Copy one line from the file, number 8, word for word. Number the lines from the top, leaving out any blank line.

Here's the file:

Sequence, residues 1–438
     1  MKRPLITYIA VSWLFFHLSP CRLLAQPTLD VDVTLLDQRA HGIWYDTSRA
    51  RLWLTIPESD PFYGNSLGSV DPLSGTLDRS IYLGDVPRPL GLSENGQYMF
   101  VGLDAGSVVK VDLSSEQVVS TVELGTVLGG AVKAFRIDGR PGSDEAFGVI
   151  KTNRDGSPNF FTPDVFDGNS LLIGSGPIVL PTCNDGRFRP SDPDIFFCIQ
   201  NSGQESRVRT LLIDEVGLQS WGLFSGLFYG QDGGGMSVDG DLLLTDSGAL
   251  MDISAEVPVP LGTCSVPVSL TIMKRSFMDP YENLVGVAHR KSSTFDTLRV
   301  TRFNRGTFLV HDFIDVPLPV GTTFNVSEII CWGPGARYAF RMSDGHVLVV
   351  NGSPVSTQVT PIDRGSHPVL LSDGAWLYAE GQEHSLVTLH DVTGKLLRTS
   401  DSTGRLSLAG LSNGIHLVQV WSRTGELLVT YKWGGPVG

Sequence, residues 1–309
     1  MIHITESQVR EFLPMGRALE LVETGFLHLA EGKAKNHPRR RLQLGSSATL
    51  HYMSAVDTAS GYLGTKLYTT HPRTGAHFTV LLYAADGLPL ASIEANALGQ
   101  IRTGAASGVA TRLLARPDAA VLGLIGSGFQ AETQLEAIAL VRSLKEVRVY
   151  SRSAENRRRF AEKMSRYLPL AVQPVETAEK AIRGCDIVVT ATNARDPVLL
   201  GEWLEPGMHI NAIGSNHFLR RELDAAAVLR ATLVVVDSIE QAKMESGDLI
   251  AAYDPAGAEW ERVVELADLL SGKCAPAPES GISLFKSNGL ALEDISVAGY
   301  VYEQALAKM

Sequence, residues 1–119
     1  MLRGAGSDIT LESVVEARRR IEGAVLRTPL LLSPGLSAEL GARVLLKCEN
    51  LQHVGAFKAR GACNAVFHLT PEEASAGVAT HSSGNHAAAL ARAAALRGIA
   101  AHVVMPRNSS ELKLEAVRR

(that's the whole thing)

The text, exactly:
   301  TRFNRGTFLV HDFIDVPLPV GTTFNVSEII CWGPGARYAF RMSDGHVLVV